Drinking the Karate Kool-Aid™
The 1974, Florida Karate Championships were held in St. Petersburg, and I begged my dad to take me.
To his full credit, he drove me to this and many other events in the years before I had a driver’s license.
This trip though was tough. It was during the gas crisis of the seventies. It wasn’t unusual to have to wait twenty to thirty minutes in line to get gas.
Once you got to the pumps, you might just get a few gallons. To compound the stress, we were getting lost trying to find the event, but Dad didn’t complain.
Dad was excited because Joe Lewis was going to fight an exhibition fight that night.
Dad read my karate magazines and knew who Bill “Superfoot” Wallace and Joe Lewis were.
On the drive over, he kept saying the blacks would take the sport over because they were faster. He said, “Once Lewis and Superfoot are gone, that will be it. The blacks will dominate.”
I disagreed. I believed that a karate expert didn’t need speed or power. He had the secrets of karate. Of course, I didn’t think that if the other guy had the secrets of karate as well, then speed could be a factor. What did I know? I was just pumped up teen.
The man Joe fought that night was Herbie Thompson. Herbie was a tough black man from the ghettos of Miami. (There is a chapter on Herbie in the appendix) Tough as he was, Joe Lewis dominated the fight, and speed had nothing to do with it. Lewis was fast, but his power decided the outcome of most of his fights.
That day, Walt Bone won both the fighting and forms divisions with Hank Farrah coming in third place, and all of it was in Official Karate magazine six months later. I was so proud of my school.
For years, as a young competitor on the Florida karate tournament circuit, I would see Herbie Thompson compete in the black belt fighting division.
The circuit was racially charged in those days, with Thompson the respected and feared leader of a group of black fighters from Miami. Though he was respectful and friendly with Walt Bone, he was rarely friends with anyone he faced in the ring.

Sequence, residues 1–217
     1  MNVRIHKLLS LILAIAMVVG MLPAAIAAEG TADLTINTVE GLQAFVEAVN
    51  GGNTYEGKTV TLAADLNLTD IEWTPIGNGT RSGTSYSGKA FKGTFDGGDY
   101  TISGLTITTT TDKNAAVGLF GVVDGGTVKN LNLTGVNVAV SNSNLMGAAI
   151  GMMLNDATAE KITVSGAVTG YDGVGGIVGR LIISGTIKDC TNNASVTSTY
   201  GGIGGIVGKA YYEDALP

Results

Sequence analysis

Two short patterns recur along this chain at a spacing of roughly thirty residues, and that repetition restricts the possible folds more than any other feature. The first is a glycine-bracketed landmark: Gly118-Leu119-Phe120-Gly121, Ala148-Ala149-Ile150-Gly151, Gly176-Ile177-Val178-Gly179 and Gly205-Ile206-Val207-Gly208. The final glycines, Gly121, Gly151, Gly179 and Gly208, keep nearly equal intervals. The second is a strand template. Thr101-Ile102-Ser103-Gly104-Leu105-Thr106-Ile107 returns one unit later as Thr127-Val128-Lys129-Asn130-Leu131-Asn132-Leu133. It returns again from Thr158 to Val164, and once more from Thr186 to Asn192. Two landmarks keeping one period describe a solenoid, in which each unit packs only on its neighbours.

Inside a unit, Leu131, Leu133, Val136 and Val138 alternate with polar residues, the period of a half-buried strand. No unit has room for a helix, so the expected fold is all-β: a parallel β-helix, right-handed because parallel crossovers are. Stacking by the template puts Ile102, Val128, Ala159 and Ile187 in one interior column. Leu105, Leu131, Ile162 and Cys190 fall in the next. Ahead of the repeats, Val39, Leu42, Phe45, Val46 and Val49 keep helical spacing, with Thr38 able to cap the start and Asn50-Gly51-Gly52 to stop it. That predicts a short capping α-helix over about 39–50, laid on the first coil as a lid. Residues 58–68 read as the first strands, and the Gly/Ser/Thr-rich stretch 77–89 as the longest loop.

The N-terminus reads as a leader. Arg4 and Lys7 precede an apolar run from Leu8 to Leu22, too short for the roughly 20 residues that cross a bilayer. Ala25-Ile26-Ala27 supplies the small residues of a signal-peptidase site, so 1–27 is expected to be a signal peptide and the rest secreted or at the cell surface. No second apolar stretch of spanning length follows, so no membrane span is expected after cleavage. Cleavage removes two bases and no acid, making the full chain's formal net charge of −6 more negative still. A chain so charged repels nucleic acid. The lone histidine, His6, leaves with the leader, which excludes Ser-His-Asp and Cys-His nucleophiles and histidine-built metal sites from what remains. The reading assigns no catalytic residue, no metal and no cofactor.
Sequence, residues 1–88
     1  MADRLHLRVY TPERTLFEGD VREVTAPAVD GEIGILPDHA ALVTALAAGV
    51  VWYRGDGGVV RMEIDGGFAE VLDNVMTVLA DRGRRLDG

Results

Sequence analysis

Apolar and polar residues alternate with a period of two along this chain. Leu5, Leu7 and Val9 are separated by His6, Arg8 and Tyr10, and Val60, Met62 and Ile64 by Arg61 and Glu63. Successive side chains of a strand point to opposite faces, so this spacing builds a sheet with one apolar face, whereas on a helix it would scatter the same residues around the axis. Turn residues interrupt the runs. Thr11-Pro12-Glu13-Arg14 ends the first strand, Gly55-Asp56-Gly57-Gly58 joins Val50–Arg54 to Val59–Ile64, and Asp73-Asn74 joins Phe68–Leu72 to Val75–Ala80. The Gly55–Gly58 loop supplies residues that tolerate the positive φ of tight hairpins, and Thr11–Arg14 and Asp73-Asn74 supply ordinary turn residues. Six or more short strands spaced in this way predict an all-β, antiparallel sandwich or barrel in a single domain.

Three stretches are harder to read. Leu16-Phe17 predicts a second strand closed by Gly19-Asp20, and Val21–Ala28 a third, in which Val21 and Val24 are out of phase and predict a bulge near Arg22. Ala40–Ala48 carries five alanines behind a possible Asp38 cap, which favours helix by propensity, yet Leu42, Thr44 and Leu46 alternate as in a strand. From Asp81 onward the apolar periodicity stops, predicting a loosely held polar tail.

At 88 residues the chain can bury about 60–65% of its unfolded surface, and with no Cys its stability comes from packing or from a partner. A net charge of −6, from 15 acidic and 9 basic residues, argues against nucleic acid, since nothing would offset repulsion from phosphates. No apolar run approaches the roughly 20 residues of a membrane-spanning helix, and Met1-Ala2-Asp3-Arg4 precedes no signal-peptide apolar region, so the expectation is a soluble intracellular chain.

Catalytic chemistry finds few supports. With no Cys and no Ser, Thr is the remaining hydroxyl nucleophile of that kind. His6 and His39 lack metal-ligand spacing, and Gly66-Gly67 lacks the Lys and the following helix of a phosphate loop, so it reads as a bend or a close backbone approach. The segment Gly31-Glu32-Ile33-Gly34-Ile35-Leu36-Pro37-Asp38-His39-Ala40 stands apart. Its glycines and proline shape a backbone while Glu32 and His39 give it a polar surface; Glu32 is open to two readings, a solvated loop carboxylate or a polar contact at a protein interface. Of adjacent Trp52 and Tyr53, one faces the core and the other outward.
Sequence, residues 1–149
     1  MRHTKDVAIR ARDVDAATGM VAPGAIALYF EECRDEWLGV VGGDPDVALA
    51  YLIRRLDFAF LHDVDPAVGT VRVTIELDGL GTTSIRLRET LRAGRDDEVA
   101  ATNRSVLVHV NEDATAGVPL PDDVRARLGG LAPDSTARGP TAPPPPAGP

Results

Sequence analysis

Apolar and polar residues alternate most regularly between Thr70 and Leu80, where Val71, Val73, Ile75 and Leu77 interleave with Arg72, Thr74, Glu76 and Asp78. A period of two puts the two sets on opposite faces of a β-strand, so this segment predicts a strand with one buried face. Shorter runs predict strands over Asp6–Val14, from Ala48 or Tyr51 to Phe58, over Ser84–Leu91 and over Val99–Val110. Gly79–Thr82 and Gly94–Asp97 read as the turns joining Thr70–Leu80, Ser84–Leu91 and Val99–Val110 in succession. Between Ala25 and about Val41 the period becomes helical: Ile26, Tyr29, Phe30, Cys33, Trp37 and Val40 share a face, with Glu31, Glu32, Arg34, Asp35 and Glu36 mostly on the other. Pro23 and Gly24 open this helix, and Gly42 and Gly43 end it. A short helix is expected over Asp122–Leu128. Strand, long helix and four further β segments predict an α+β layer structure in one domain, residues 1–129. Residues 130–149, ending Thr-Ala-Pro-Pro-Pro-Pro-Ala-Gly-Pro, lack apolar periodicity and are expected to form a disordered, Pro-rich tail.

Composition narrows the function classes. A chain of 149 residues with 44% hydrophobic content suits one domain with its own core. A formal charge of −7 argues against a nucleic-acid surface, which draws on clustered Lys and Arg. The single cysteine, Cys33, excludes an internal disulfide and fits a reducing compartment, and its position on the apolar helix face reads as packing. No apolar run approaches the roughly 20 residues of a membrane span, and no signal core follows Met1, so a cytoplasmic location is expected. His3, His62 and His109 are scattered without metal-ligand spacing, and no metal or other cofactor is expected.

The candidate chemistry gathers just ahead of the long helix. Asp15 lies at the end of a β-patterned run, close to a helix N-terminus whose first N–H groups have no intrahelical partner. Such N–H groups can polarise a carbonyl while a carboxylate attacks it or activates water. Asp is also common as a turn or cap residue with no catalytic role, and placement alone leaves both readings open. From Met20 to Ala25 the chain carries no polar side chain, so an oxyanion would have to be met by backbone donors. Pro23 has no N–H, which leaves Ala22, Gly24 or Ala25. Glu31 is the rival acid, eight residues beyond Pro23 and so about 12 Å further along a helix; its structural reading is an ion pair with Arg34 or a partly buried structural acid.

He threw trophies and chairs if he didn’t win first place and always seemed ready to explode into a street fighting rage if things didn’t go his way.
One time we had a black belt team competition between our school and a team led by Thompson.
I was just a brown belt and was settling in to watch what I knew would be a rough, volatile series of matches when Mr. Bone motioned me to come over.
He instructed me to follow him into the locker room where he pulled out a black belt and told me to put it on. I had been instantly recruited onto an adult team of black belts at seventeen. I was terrified.
In the first fight, our biggest fighter got his nose broken six feet out of bounds by a blatantly illegal punch. We got the penalty point, but he got a trip to the hospital.
After cleaning up the blood, in the next fight Don Sturiano got knocked out of the match with a powerful kick to the back, which nearly crippled him. I was next. I survived, but I lost a lot of points.
In the final match, Walt Bone was up against Herbie Thompson. We were way behind in points, but Walt regained the points, and we won the team competition.
Thompson went nuts. While excluding Bone from the tirade, he kicked things, spewed foul language, and threw his equipment across the room.
In a sport based upon principles of respect and courtesy, this was disturbing and, in our view, disgraceful.
Fast-forward twenty years. For my magazine, Martial Arts Professional, we did a profile on Thompson. What I discovered was a great lesson in perspective.
We asked him about the “old days” when he would throw a tantrum after losing. His response was as revealing as it was unexpected.
We discovered that for over thirty years, Herbie Thompson had dedicated his life to using the martial arts to save children in the roughest inner-city communities of Miami from a life of crime.
He has mentored hundreds of kids and has probably saved as many lives.
He explained that he would load as many kids into a van as possible and drive them out of Miami on Saturdays to a karate tournament.
Some of the kids competed and some watched, but all were out of harm’s way for the day. He was using distance as the defense to keep these kids out of the battlefield in the streets of Miami.
However, between the gas and the entry fees, by the time the tournament started, he was out of money.
If he didn’t win the cash prize for first place, he couldn’t feed the kids, and he would have to borrow money for gas to get the kids home.
His story instantly reframed our perception that he was a disrespectful jerk when, in fact, he was a desperate hero to these children, many of whom run their own martial arts schools today.